Posted by Jared Flood on
Now that the excitement and apprehension of cutting is over, I feel it's rather anticlimactic (cruel?) dragging this process on for you, loyal readers, any longer than I already have. I am, however, committed to a thorough documentation of this process though, so you'll get just a bit more information thrown at you before it's all over. To be honest, I especially wanted to cover what happens after the cutting, because for me this has always been the part of steeking that was unclear. I completely understood the hows and whys of the cutting portion, but beyond that the steps to complete the route to 'finished sweater' have always been a grey area for me. After the cutting you'll have two stockinette 'flaps' that need to be dealt with on either side of the cardigan opening. Again, the yellow wool acts as a good indicator where these flaps are on my sweater. The final step is to pick up stitches along these borders and work the button band. Depending on how many stitches you left for your steek, the width of your flaps (or "facings" as they are more correctly titled) will vary - my faccings are 3 stitches: 2 knits and 1 purl along each side of the cut. So then, we can now begin picking up the buttonband like so:
I love EZ's sensible formula for picking up stitches along a vertical edge. Instead of calculating your own stitch gauge vs. row gauge and doing all that unnecessary calculating, her trusty 2 to 3 ratio works in virtually all cases. That is, pick up 2 buttonband stitches for every 3 rows of knitting on the sweater body. This is the reason you see the stitches on my needle in pairs of two. Its a perfect ratio that is giving me a flat and even buttonband.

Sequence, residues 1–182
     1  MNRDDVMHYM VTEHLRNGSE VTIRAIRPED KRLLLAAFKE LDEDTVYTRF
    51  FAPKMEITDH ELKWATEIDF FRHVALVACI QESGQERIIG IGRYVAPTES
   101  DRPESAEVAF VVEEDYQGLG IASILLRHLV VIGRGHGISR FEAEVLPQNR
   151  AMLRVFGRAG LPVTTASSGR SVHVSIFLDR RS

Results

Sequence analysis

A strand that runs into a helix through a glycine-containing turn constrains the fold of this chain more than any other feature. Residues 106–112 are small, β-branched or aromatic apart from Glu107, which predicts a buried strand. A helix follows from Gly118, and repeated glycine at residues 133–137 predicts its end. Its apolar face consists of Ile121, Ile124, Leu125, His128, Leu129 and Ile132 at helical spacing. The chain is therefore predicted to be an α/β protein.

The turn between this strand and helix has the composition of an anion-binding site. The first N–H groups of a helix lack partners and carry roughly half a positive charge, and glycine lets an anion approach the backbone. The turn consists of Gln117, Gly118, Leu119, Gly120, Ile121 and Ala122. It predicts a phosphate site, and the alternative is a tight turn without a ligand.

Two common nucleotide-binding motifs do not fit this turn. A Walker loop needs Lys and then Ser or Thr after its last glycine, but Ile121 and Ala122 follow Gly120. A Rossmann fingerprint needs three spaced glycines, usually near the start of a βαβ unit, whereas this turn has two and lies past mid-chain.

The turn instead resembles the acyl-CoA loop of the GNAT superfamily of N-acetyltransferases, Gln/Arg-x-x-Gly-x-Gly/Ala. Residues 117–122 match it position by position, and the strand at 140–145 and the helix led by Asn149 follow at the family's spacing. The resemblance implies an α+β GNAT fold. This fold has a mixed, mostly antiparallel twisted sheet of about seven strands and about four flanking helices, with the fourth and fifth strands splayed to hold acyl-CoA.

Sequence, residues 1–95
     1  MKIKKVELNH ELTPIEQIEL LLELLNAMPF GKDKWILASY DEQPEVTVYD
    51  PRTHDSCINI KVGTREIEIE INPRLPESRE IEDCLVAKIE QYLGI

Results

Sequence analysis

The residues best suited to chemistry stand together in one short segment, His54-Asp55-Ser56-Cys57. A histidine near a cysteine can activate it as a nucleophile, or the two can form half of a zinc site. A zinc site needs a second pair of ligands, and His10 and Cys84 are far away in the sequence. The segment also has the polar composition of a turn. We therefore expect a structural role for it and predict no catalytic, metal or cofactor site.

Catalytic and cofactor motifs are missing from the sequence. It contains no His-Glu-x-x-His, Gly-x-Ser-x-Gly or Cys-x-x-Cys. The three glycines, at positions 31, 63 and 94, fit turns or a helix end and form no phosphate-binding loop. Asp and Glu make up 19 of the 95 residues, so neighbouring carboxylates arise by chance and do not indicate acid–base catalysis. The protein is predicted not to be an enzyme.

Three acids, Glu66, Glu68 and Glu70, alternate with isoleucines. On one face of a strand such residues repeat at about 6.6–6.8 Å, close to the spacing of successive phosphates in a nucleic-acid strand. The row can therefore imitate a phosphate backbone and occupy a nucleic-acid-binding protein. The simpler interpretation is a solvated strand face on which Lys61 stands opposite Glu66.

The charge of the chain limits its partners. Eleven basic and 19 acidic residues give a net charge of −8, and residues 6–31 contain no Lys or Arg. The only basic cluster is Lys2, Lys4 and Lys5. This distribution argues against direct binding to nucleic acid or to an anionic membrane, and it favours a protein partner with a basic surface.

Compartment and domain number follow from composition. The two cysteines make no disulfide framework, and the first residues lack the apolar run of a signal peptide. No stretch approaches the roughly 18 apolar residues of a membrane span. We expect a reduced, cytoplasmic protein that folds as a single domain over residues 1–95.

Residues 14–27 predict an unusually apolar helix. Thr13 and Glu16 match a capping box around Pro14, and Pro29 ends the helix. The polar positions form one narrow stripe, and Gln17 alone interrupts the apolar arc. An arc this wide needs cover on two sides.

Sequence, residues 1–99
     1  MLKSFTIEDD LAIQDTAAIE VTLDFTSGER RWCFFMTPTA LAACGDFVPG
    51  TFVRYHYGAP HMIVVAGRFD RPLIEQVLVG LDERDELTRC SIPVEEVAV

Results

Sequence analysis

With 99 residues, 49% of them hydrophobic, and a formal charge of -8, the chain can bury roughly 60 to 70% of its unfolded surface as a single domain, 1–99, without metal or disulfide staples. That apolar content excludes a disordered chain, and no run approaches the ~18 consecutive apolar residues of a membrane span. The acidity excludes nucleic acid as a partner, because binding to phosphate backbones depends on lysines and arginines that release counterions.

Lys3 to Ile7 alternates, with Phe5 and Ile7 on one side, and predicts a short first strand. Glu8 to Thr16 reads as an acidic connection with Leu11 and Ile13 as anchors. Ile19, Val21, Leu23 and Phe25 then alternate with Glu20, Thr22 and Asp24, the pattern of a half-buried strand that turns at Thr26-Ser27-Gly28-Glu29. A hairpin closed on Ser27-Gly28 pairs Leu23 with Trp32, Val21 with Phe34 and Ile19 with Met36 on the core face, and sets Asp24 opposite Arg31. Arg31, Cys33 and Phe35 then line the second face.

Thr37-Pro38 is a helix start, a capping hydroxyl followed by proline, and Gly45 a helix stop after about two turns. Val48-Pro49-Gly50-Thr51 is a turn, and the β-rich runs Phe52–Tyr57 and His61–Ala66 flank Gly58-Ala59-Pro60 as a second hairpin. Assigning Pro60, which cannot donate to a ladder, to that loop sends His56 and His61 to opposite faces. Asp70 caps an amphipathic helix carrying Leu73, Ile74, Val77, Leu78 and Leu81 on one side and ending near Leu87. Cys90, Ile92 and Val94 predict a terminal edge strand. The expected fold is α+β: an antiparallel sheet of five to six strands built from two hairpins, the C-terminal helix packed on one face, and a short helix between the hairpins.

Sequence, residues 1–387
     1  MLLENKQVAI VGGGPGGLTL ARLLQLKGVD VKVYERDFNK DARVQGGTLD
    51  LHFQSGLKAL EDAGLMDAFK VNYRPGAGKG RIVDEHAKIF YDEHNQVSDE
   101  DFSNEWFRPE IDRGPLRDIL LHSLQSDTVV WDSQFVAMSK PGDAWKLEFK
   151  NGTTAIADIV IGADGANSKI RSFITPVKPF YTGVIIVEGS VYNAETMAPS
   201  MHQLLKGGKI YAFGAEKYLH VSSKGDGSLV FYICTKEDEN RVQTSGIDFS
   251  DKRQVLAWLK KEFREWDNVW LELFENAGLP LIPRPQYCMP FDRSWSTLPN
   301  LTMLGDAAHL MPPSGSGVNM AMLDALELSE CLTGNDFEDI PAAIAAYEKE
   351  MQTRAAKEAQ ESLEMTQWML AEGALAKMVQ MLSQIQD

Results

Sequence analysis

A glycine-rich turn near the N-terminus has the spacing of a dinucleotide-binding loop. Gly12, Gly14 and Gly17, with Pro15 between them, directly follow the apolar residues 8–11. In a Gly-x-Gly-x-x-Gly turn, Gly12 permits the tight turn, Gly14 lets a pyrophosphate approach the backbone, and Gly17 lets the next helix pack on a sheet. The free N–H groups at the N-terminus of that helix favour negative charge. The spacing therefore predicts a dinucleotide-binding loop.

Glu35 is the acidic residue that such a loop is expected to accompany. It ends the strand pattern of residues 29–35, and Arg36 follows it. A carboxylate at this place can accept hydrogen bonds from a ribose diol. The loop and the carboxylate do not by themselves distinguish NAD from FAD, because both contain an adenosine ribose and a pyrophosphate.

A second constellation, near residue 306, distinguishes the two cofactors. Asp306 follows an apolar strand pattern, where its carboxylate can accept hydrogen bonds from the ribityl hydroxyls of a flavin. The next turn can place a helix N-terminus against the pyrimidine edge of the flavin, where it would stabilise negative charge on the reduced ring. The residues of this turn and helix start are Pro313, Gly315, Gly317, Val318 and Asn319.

Once the necessary number of stitches have been picked up, knit back and forth until the bands are as wide as you need them to be, throwing buttonholes in on whatever row marks the halfway point. Simple as that. As for the flaps/facings, they'll fold back naturally onto the wrong side of the fabric and behave nicely once all is said and done. I'll give mine a light steam with an iron to flatten them a bit more and to lessen bulk, but not much more than that is needed. I'll probably post one more photo this week showing you how the steek is behaving once I have a more substantial amount of buttonband knitting done. All that's left is finding a few buttons that fit this beast. We're so very close to the finish! I hope everyone had a great holiday weekend.